Opinion by David Haynes of Nelson
Introduction: On June 18, 2021 “Stuff” ran a Forest and Bird article entitled “Culling Pests Could Slash Carbon Output”. The “pests” included “deer, possums, goats, feral pigs and other invasive animals”. Forest and Bird argued culling these “pests” would allow native forests to recover to a point where they would suck in 15 percent of NZ’;s yearly greenhouse gas emissions.
According to Forest & Bird’s recent report introduced mammals are responsible for preventing 3.4M tonnes of CO2 from being sequestered by trees each year. Really?
As a former research chemist in the UK, my team’s philosophy was always to challenge most things but validate everything. Applying this to Forest & Bird’s Protecting Our Natural Ecosystems’ Carbon Report, as ever, the devil is always in the detail and when you look under the bonnet of the report, there is some engine trouble .
The report contains multiple, uncorroborated statements which unfortunately weakens its scientific rigour. For example, in respect of loss of stored carbon in some forest types, the report states “… The most likely cause of this decline was the impact of introduced herbivores.”
Most likely? Were other potential determinants (age, declining rate of growth, nutrient availability, drought, flood, windfall, fires, earthquakes, etc) identified or quantified, and if not, why not?
And statements like “The rapid growth of riparian shrubs and trees after flooding has been suppressed by deer.” Begs the question ‘just flooding in particular?’ Without evidence or citations such statements leave the report flapping rather limply in the air.
The foundation of the report rests on estimates of the number of deer, goats, pigs, etc. – something that a number of NZ scientists, such as Graham Nugent, have for decades been trying, and largely failing, to nail down. Given our terrain, size of country, the mobility and population dynamics of mammals and the fact they are good at hiding makes it a very, very, very hard thing, nay, impossible thing to do.
The Forest & Bird report takes estimates of ‘introduced pests’ (an emotional, not scientific term) from thirty years ago and simply increases them without explanation, calculation or rationale. Put simply the figures are plucked out of thin air. The whole argument that introduced mammals are causing climate change is thus posited on one table of randomly created numbers.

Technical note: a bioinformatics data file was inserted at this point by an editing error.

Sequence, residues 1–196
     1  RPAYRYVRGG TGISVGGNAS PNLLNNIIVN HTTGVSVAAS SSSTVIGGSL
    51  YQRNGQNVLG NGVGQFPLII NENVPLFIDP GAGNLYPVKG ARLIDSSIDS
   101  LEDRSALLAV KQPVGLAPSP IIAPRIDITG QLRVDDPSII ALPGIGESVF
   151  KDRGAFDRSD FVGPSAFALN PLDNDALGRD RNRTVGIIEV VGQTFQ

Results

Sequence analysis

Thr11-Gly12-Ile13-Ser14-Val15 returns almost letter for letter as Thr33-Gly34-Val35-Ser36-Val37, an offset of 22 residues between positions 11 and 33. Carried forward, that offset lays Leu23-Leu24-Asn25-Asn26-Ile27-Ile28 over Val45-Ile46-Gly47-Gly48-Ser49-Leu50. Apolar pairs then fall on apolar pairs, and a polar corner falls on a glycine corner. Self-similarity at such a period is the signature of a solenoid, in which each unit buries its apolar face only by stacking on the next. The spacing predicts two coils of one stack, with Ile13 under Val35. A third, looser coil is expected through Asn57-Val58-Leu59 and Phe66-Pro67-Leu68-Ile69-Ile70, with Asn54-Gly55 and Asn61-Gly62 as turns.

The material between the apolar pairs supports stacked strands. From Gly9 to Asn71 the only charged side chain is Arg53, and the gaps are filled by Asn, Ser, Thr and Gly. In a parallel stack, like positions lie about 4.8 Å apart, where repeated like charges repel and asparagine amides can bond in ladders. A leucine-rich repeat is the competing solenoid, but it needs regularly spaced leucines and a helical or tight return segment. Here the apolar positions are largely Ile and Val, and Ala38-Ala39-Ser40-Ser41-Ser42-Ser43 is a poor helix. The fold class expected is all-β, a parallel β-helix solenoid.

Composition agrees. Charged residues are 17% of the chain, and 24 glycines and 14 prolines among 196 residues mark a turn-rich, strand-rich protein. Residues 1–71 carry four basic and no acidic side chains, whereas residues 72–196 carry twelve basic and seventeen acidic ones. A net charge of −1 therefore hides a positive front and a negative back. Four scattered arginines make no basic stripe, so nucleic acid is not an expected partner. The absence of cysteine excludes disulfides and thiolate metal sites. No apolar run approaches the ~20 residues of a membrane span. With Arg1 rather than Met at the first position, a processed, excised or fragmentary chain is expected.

This report is not alone in this respect. Paid output-directed science (‘we are concerned about this, can you confirm it please’), like the expert scientific witnesses in an Environment Court, involve some degree of conflict: Do you be totally factual and risk not meeting the client’s expectations (and not getting paid), or do you be more selective in your data sets at the expense of less scientific rigour? Commercial and scientific imperatives are poor bedfellows.
Unfortunately, the report also adopts a silo-based approach to a problem, rather than the more contemporary inter-dependent paradigm of modern science. For example, if game animals were exterminated, the 51,000 (yes, I do have a citation for this figure) hunters who eat their quarry would need an alternative meat source –more supermarket construction and more farmed meat production or import, all of which have a considerable carbon footprints. In 2018, the Food and Agriculture Organisation calculated that animal based food production accounts for 18% of greenhouse gases globally.
Compared to deer, goats, possums and the other culprits identified by Forest and Bird, there is of course another species that produces the vast majority of the planet’s greenhouse gases, pollutes rivers and oceans, deforests millions of hectares of rainforests, causes millions of tonnes of soil to be lost and produces non-biodegradable waste at ever increasing volumes, but we don’t hear Forest & Bird calling for their extermination….yet!
David Haynes is a former research chemist, information technology analyst and investment manager. Now retired he spends his time working with advocacy groups to protect and enhance our outdoors environment and the recreational and health opportunities it provides to hunters and anglers.
© Red deer hind and youngster